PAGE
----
Belfast Telegraph

Champions League: Chelsea boss Jose Mourinho threatens to axe his top stars

By Jack Pitt-Brooke

Jose Mourinho has told his under-performing Chelsea players that they have an attitude problem which, if not addressed, will force him to replace them with youngsters for the rest of the season.

The Chelsea manager delivered the damning verdict on the ambition of his squad who, after strolling to the Premier League title last year, have taken eight points from seven games this season.

The Portuguese diagnosed a damaging "attitude perspective of some individuals" and challenged them to prove that they are "serial champions" - as he is - rather than being happy to rest on their laurels.

Chelsea are away at Porto in the Champions League this evening but the main focus is a run of league form that was, before their last two games, the worst of Mourinho's career. Speaking very frankly about their poor start, he put their inconsistency down to a lack of application from key players.

"What is happening with us at the moment is not that we are not performing," Mourinho said yesterday morning. "We are not performing in a continuous way, that is our problem.

"The matches we performed consistently in with a consistent attitude were the matches that we won. We don't need to learn how to play football, we need to learn how to be consistent again."

Assessing the cause of Chelsea's poor form, Mourinho made it very clear he thought the issue was mental, and not a hangover from their delayed start to pre-season.

"Physically there is no problem, as we finished against (Manchester) City and Swansea with 10 men, and Newcastle with our team on top of the opponent," he said.

"Tactically it is the same. Clearly it's an attitude perspective of some individuals. And when you have individuals with that unstable attitude in terms of motivation, desire and commitment, you will pay."

Although Mourinho said that he was "generally happy and positive", he added that he "wants more from some players" as he hopes they embrace the mentality he requires from them.

"I look for consistency," he said. "If not we become a Newcastle. Win today, draw tomorrow, three points here, one point there. When you want to be a big team and you want to win, you have to be consistent in your attitude."

Mourinho has won eight league championships in his career, retaining the title in Portugal, England and Italy.

He challenged his players to show the same ambition in seeking to win the league again.

"There are two sorts of champions," Mourinho said. "There are champions who win something, and there are lots of them. But there are the other champions who, during their career, win two, three, four, five, 10 or 20 titles. In this club we have 25 champions from last year.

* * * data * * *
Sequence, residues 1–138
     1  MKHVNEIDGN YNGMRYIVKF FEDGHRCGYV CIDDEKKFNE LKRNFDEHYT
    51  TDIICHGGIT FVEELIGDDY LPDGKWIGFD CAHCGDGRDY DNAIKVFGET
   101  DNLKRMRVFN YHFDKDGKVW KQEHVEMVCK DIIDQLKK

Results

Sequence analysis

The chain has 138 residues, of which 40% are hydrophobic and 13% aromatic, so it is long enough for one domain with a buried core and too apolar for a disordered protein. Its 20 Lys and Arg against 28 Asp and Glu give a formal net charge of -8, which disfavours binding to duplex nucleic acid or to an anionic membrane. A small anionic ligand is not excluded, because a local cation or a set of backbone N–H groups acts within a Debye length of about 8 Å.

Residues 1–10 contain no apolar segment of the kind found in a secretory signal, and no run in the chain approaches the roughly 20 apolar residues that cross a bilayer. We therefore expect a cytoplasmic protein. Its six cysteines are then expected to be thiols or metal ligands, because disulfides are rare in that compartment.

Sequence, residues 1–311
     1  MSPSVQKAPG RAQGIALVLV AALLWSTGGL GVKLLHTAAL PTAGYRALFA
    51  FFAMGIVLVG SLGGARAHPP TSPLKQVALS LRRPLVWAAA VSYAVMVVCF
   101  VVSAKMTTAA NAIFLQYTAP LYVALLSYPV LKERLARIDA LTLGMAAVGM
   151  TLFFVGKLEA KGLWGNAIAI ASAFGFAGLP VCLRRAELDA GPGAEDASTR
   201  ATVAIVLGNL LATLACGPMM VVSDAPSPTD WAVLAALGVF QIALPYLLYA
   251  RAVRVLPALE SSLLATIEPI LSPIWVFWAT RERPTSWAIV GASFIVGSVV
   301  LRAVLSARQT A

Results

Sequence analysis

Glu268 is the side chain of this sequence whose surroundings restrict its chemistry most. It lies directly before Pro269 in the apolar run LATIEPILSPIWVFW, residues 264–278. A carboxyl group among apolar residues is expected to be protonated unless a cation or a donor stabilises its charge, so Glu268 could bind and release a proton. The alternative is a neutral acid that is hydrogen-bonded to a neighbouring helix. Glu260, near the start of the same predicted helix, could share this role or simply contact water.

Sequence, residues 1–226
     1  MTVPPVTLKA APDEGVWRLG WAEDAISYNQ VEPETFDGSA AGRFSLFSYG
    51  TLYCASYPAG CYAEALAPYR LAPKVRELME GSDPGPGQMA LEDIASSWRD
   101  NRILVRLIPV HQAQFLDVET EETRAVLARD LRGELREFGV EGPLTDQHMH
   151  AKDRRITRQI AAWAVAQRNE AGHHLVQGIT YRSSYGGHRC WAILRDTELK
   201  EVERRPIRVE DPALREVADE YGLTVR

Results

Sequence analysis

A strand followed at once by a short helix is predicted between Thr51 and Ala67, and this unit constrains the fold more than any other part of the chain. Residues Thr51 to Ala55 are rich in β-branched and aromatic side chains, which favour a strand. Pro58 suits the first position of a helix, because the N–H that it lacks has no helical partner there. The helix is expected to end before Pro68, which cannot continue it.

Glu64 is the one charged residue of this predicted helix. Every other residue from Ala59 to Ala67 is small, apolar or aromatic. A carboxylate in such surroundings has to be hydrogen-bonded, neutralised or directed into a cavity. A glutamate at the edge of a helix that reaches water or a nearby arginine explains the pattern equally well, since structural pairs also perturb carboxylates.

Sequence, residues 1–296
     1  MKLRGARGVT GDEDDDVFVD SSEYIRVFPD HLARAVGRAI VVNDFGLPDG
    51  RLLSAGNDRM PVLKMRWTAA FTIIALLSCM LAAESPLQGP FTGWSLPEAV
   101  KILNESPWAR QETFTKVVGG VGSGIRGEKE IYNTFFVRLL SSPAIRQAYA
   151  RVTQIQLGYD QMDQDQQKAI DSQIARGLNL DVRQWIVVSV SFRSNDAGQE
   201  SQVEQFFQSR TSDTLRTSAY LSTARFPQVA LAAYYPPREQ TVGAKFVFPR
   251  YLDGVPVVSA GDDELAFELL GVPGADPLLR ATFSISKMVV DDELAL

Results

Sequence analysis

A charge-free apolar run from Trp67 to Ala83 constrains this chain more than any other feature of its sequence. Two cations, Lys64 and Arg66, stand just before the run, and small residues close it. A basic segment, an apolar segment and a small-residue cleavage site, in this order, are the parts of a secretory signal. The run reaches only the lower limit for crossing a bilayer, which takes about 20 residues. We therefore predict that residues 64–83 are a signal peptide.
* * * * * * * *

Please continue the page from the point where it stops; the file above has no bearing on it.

"But serial champions in this squad, how many do we have? John Terry, John Obi Mikel, Branislav Ivanovic are serial champions. Almost every season they have something in the pocket. But how many serial champions do we have? That's the point."

The implication was clear: Mourinho fears not enough of his young players share the mentality of the manager, Terry and Ivanovic.

"Last year we were champions, but the point for me is are we serial champions? Of course it is very difficult to win the Premier League every season, but you can be a serial champion in your approach and your attitude. Mentally I can say I am a serial champion," he said.

"I can go five or 10 years without winning a title, but I will still be a serial champion in my approach and my attitude. This is the problem we have at this moment. We have champions, but not serial champions."

Mourinho warned his players that if they fall out of contention for the Premier League, he will have no hesitation in dropping them for the next generation of young players.

"At this moment we are in an open situation," he said. "It's difficult to win the Premier League, but possible. It's difficult to win the Champions League, but possible. It's difficult to win the cups, but possible. We're still in an open situation.

"I explained to the players that when the situation is open I have to do both things - to try and prepare the kids for their future and at the same time to try and bring the best out of the other players, with more stability and experience.

"If the season goes in one direction that it becomes closed, I will go just with the kids. It makes no sense to play the older players when you have nothing to win.

"I'll play the players we're waiting for instead. I'll look to the kids and say, 'let's go, non-stop'. I'm ruthless, but at the moment everything is open."

Belfast Telegraph


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